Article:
India has agreed to pay $8.8 billion to France’s Dassault for 36 fighter jets as sources from both countries hinted a long-delayed deal to purchase the aircraft was imminent. The final agreement is set to be signed in India in three weeks, but delivery of the aircraft will not take place for another 18 months.
The Dassault Rafale fighter jet is almost completely French, with fuselage, avionics, engines and weapons all made in that country. Rafales have flown in combat in Afghanistan, Libya, Mail and Iraq. France operates 140 Rafales including the Rafale M, a navy version of the fighter featuring strengthened landing gear and a tail hook for use on aircraft carriers.
Although relatively small compared to planes like the Eurofighter Typhoon and F-22 Raptor, Rafale packs a powerful punch. Twelve wing-mounted hard points can carry a combination of air-to-air missiles, air-to-ground missiles, sensors, and drop tanks. Despite the fact that the Rafale is now a 30-year-old design, upgrades such as the RBE2 AA active electronic scanning array (AESA) radar, Damocles targeting pod, Meteor air-to-air missiles, and SCALP cruise missiles have kept the design competitive with other so-called “4+ generation” fighters.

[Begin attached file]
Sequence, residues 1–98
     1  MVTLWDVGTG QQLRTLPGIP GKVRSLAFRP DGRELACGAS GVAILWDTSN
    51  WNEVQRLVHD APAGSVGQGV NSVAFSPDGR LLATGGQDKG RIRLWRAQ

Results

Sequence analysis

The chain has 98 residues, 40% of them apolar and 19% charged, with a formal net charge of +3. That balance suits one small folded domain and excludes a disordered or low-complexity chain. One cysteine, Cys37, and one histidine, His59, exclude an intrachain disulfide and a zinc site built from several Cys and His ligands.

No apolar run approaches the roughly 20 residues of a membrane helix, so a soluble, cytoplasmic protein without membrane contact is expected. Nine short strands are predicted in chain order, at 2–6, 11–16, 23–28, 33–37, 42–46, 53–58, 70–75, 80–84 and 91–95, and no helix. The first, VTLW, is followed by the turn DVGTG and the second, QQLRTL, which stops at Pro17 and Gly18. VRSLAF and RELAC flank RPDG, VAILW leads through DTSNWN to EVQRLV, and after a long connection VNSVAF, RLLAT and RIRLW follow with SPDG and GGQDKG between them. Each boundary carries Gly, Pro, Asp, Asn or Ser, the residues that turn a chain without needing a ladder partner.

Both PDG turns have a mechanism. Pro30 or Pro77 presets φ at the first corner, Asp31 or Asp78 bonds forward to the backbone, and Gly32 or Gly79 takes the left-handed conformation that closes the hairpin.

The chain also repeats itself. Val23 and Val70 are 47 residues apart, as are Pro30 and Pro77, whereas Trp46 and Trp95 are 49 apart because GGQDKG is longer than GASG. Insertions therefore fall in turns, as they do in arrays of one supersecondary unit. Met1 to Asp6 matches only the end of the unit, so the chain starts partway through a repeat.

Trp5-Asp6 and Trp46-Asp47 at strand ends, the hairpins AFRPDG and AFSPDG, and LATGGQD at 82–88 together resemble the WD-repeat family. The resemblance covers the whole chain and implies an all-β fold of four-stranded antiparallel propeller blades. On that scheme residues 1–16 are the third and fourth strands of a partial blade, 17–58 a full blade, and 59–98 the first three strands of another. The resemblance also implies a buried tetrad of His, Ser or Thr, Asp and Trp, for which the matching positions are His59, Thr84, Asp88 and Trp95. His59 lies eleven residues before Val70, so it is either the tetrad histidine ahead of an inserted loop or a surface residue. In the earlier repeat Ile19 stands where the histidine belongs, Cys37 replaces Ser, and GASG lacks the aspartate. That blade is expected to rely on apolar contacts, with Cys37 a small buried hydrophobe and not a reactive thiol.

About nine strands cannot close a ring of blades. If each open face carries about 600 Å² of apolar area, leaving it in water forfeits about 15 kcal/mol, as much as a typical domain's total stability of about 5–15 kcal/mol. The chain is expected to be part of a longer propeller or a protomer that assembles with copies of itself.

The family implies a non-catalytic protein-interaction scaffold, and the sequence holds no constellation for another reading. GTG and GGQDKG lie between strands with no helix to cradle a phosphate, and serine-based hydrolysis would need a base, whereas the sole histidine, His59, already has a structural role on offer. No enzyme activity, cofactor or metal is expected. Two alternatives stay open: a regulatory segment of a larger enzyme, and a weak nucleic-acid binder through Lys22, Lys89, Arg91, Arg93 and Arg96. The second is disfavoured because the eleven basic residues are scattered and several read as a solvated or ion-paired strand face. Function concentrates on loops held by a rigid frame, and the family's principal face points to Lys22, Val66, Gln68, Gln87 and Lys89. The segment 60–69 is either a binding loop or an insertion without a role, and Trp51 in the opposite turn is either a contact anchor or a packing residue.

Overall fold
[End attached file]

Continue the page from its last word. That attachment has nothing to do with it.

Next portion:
In January 2014, Defence Minister Jean-Yves Le Drian announced that €1 billion is allocated towards the development of the F3R standard. The standard will see the integration of the Meteor BVR missile, among other weapons and software updates. The standard is to be validated by 2018. The Rafale is planned to be the French Air Force’s primary combat aircraft until 2040 or later.
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